Engineers at FAU have developed a method for increasing the resolution of digital cameras by four times without having to use larger and more expensive image sensors. This is achieved by irregularly scanning the pixels and reconstructing the image afterwards. The next step involves developing a prototype that will enable more research to be carried out.
Everyone who has a smartphone also has a camera. Or to put it more precisely, a digital camera. Its main component is an image sensor that converts the incoming light into a digital signal. To do so, the sensor is split into small sectors called pixels that measure the intensity of the light. Until now, virtually the only way to improve the resolution of a camera (the ability to render more detailed images) was to increase the number of pixels. ‘Using larger or more expensive sensors or scaling down pixels to achieve this is only technically possible to a certain extent,’ says Dr. Jürgen Seiler from the Chair of Multimedia Communications and Signal Processing at FAU. ‘We also have to bear in mind that smaller pixels lead to greater disturbance, or ‘noise’ in the image.’
Regular arrangement leads to aliasing
But how can you improve the resolution of image sensors without having to increase the number of pixels? Seiler and his team have been working on this problem for several years. In contrast to conventional methods where pixels are scanned in a regular manner, their approach involves irregular scanning. ‘Every pixel has an area that is sensitive to light, but also areas where no light is detected’, explains Jürgen Seiler. ‘In conventional sensors, all pixels are evenly arranged in a grid, which leads to severe aliasing artefacts.’ Aliasing causes stepped edges of light or distorted patterns in periodic image contents. This is visible, for example, when a television presenter wears a jacket with a fine checked pattern and when the pattern suddenly turns into colourful blotches.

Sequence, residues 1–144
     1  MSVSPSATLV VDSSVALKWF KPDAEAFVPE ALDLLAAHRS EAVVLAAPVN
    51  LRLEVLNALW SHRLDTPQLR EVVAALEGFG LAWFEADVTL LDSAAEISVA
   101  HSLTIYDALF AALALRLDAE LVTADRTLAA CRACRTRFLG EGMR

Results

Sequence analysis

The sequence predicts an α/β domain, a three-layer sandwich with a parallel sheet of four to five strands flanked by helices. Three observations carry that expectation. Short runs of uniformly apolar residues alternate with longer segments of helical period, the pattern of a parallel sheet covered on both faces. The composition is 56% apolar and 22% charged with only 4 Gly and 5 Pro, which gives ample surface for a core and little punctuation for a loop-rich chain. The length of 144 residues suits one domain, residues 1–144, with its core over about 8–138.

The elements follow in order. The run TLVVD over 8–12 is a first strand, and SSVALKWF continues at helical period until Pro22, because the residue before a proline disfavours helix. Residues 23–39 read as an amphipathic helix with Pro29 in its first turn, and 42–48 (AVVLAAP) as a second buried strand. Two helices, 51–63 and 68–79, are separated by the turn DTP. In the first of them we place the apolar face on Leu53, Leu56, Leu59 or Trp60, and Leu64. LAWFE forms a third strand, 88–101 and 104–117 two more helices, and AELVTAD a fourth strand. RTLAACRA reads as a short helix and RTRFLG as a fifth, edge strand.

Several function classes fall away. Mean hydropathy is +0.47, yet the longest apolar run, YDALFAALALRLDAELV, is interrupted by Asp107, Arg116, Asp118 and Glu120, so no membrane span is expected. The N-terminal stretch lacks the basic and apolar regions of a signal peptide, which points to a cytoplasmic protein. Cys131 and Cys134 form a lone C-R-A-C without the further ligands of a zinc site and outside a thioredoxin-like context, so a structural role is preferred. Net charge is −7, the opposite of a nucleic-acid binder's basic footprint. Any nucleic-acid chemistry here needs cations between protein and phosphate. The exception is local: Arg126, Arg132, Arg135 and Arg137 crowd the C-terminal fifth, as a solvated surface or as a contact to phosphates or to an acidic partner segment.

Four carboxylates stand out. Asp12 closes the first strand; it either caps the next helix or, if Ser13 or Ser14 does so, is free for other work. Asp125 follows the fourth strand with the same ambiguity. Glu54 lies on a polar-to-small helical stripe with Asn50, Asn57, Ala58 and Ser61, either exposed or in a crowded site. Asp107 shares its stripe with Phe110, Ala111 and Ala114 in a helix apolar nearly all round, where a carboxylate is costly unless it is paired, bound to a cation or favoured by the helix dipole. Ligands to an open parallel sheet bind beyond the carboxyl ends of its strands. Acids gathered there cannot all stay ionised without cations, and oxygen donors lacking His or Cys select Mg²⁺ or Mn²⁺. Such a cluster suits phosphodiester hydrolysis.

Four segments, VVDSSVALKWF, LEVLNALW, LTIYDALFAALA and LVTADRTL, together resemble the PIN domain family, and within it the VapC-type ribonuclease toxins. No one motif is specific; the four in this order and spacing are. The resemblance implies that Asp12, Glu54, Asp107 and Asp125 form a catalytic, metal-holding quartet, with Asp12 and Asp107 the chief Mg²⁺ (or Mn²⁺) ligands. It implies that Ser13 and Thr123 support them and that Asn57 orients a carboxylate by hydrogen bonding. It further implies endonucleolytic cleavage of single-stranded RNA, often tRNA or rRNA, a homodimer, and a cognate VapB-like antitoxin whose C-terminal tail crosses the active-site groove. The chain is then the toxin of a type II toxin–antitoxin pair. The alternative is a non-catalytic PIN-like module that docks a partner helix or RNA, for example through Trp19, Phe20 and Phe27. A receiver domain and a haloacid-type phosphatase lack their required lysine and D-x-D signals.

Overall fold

Four-fold increase in resolution due to rotated image areas
FAU researchers have now been able to demonstrate that aliasing can be reduced effectively by using irregular scanning. To do so they used a trick. The square pixels are still arranged in a regular grid, but they are rotated in opposite directions so that the light-sensitive areas do not line up exactly. ‘You could compare it to tiling a wall with tiles that have a decorative border on them’, says Jürgen Seiler. ‘If each tile is turned by 90 degrees, the border forms an irregular pattern instead of a continuous line.’ The image is reconstructed using a downstream process that was developed at the Chair. With this method, the engineers have increased the resolution that is achieved by regular scanning by a factor of four, while retaining the same number of pixels. This is possible due to the fact that image signals can typically be described by a small number of dominant frequencies, an effect that is also used when compressing audio files.
Prototype for further research
The combination of irregular scanning and downstream processing means that either significantly higher image quality can be achieved with the same number of pixels or the number of pixels can be reduced by a factor of four for the same image quality. With this solution, manufacturers of digital cameras can not only save costs, but also significantly reduce the energy consumption of their devices. The method is still in the simulation phase, however, plans for a prototype that will enable further measurements to be made are in the pipeline.